U.S. and Russia Testing Each Other’s Commitments in Eastern Europe

Ukraine Protests

NATO military exercises have begun in Poland, Lithuania, Estonia, and Latvia as a response to the 40,000 troops Russia has amassed near Ukraine’s eastern border. The sequential deployments of the American 173rd Airborne Brigade Combat Team in these Eastern European countries, totaling around 600 U.S. troops, illustrate President Obama’s attempt to reassure NATO allies against possible threats.

The exercises suggest a skepticism among Russia’s rivals that economic sanctions and diplomatic talks will be sufficient to halt the Russian-driven unrest in Ukrainian cities like Donestk, Kramatorsk, Slaviansk, and Luhansk. Government buildings in numerous Eastern Ukraine cities have been taken over by pro-Russian separatist forces and still “unrecognized” army officials, strongly resembling what Crimea went through before breaking off from Ukraine. 

The escalating concern has invigorated the defensive role of NATO, with U.S. Secretary of Defense Chuck Hagel telling reporters that “Russian aggression has renewed our resolve to strengthen the NATO alliance.” Ukraine is not a member of NATO, but the unrest there has sparked concern among NATO members in Russia’s sphere of influence, particularly in Poland and the Baltic States.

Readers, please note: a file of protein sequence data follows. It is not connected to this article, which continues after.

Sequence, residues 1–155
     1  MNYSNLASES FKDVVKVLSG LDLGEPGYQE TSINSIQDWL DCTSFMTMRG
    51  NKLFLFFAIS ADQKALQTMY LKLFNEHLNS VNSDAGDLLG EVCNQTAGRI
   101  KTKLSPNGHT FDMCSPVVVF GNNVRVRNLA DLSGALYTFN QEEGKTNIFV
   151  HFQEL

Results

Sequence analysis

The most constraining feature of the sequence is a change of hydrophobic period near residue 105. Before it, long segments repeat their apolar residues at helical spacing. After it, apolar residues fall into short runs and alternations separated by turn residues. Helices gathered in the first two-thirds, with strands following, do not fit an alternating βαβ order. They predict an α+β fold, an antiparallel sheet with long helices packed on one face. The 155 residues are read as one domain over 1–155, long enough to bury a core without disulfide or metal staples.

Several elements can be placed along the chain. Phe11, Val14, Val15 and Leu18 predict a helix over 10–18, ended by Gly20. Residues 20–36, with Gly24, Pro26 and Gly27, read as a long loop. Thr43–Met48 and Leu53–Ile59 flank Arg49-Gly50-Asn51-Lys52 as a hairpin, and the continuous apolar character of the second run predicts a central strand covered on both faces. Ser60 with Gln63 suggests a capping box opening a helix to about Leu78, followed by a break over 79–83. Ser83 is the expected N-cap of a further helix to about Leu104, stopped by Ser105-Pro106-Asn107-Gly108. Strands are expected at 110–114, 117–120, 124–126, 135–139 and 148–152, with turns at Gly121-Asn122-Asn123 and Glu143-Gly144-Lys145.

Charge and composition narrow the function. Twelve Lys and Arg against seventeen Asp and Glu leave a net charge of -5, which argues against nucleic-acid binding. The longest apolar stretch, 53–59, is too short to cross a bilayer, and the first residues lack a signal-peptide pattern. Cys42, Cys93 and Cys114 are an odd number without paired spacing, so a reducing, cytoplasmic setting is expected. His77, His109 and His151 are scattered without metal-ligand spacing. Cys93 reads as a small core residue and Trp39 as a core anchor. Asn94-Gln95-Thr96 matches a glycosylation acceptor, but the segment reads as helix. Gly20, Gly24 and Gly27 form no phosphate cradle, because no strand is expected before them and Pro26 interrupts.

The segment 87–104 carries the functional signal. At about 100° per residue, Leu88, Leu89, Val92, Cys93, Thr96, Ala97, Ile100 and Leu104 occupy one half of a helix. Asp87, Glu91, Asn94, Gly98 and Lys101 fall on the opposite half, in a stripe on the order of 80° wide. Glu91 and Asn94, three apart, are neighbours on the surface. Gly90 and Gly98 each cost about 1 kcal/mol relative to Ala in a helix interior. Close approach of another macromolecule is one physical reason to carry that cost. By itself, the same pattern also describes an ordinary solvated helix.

NATO naval forces have also begun performing battle exercises in the Baltic Sea. These have been promoted by Norway, the Netherlands, Estonia, and Belgium. The Russian Defense Ministry responded by conducting its own naval operations in the Caspian Sea and flying surveillance flights over Ukrainian airspace. Even though Russia’s Military Minister Sergei Shoygu has insisted on his country’s preference to stay out of direct military clashes, these allegations should be taken with a grain of salt in light of Russia’s naval, army, and aerial exercises.

The international support has given confidence to a Ukrainian army that was previously paralyzed at the presence of an imposing Russian military. Consequently, military exercises are being more actively conducted within Ukraine itself.

Both sides have been testing each other’s commitments in the region, but now the tensions have reached a high point. The Obama administration is clearly reluctant to escalate any potential conflict with Russia. But if Russia accelerates its intervention in Ukraine, it will face strong pressure from its NATO allies in Eastern Europe to take a more aggressive stance.

Piero Sarmiento is an intern at Foreign Policy in Focus.